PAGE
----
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She Squalls

She Squalls
signed twice, titled and dated ‘’She Squalls’ Jadé Fadojutimi Sept ‘18’ (on the reverse)
oil on canvas
78 7⁄8 x 63 in. (200.4 x 160.2 cm.)
Painted in 2018.
Galerie Gisela Capitain, Cologne
Acquired from the above by the present owner
Cologne, Galerie Gisela Capitain, Jadé Fadojutimi: She Squalls, January-February 2019, n.p., cat. no. 5 (illustrated).

Brought to you by

Ana Maria Celis
Ana Maria Celis Head of Department

Lot Essay

A key work in Jadé Fadojutimi’s oeuvre, She Squalls (2018) lent its name to the artist’s acclaimed first solo show with Galerie Gisela Capitain in Köln, and marks a central moment in her development as one of the most exciting young artists working today. A squall is a storm, a moment of sudden and strong wind that changes one’s course, just as the present canvas changed the course of the Fadojutimi’s career and allowed her to break out with renewed potency and spontaneity. With its passionate and energetic marks, She Squalls is a vision of balletic movement and a sublime landscape that is essential to understanding Fadojutimi’s innovative career that has only grown in international recognition. A large canvas at more than six-and-a-half feet by five feet, She Squalls has a commanding presence that also contains all the intimacy of a textile. Inspired by a sojourn in Kyoto, Fadojutimi incorporates numerous references to create paintings that are global in scope. She has mounted a solo show at the Institute of Contemporary Art, Miami (2021), with additional exhibitions forthcoming at the Hepworth Wakefield (2022) and the Fondazione Sandretto Re Rebaudengo, Torino (2023). Her work is held in important public collections like the Los Angeles County Museum of Art, the Hammer Museum, Los Angeles, the Tate, London, and the Stedelijk Museum, Amsterdam.

Like the ardent marks of Jackson Pollock, Cy Twombly, Amy Sillman, or Julie Mehretu, She Squalls pulsates with vitality, a beautiful storm watched from a peaceful shore. A grouping of marks at the center build upon each other to manifest a horizon line, asking us to look into the painting as we would an open window. Bolts of orange dart though the canvas like lightning, while pink, black, and blue vibrate around it, creating a still life of earthy hues like a scene by Jean-Baptiste-Siméon Chardin. Fadojutimi makes her skilled presence known with bold strokes and unites herself with the canvas. The “she” of the title could be the artist herself. It makes sense that “rising star Jadé Fadojutimi’s gestural paintings” are widely praised as “demonstrating an oscillation between figuration and abstraction representative of our polyrhythmic identities” (A. Hunt, “Across the Universe: Andrew Hunt on the Eleventh Liverpool Biennial, Artforum, June 17, 2021). She Squalls is not only nautical, but also musical. It is a symphony of unexpected colors and forms coming together to form a spontaneous composition.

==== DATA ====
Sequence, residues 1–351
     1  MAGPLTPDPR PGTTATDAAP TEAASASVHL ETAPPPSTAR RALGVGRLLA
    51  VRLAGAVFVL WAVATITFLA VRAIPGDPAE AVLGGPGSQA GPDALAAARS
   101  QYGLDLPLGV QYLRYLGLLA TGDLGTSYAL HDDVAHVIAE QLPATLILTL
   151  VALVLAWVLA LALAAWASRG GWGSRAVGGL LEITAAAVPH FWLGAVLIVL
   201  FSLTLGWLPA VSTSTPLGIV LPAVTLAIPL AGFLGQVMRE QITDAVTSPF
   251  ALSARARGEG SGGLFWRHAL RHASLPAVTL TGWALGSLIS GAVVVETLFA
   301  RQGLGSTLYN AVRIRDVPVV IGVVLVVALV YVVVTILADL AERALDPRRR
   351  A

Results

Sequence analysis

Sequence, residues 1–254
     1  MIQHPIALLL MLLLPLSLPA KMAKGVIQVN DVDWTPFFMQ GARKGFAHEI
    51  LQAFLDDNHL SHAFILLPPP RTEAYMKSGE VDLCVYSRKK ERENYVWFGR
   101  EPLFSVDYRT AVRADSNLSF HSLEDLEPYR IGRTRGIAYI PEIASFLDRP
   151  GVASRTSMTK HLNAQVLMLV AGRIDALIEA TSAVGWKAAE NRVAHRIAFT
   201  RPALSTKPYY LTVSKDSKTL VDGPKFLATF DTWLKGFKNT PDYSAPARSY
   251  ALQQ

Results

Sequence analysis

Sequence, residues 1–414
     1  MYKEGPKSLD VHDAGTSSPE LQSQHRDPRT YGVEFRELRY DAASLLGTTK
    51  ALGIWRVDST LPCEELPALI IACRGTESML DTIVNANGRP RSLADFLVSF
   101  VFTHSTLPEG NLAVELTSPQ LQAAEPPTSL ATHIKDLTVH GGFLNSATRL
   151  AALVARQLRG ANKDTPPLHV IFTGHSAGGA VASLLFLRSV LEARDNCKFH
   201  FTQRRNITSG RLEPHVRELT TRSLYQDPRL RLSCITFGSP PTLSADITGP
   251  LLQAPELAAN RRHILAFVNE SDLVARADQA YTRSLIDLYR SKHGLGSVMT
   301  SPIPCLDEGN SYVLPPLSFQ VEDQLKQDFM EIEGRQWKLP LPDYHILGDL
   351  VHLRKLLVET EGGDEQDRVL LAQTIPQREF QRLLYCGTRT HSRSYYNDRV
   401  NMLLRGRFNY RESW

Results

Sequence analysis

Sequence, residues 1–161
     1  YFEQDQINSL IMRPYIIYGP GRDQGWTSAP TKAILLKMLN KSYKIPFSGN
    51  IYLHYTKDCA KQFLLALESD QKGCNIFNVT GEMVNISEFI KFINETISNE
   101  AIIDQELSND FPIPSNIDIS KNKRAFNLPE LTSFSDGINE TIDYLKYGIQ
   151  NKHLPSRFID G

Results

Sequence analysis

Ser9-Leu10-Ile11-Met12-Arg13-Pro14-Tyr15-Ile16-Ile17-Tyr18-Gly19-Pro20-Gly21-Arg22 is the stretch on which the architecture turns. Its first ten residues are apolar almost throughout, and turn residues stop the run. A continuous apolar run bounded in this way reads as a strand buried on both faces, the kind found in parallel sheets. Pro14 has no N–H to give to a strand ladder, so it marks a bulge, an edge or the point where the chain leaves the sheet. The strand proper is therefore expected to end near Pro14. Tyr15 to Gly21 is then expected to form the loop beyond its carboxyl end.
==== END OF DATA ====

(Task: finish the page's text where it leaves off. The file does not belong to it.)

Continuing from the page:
In its references to the artist herself and possibilities for connection within difference, She Squalls is an act of compassion that gifts the painting and the artist their own interrelated autonomies. As Fadojutimi has noticed of her work, “When I change, the work changes. We hold each other up. I think the biggest difference I notice is in myself. Having conversations around my work means I have been having more conversations around myself” (J. Fadojutimi, quoted in T. Moldan, “Jadé Fadojutimi: ‘When I change, the work changes,’” Ocula, November 24, 2021). Painting for Fadojutimi is therefore an act of self-nourishment, and she extends that relationship to the viewer, who is gracefully equipped to ride the rough tides.

She Squalls is undoubtedly a meaningful inflection point in a lauded career that will continue to shape how we think about painting and identity. With its assured brushstrokes and evocative abstract imagery, the present canvas advances a signature style for Fadojutimi that is unique and revelatory. She Squalls is a hallmark in Fadojutimi’s practice that sets the stage for what is to come. With major solo exhibitions on the horizon, she is poised to reshape contemporary art, traversing its wild seas with skill and foresight.

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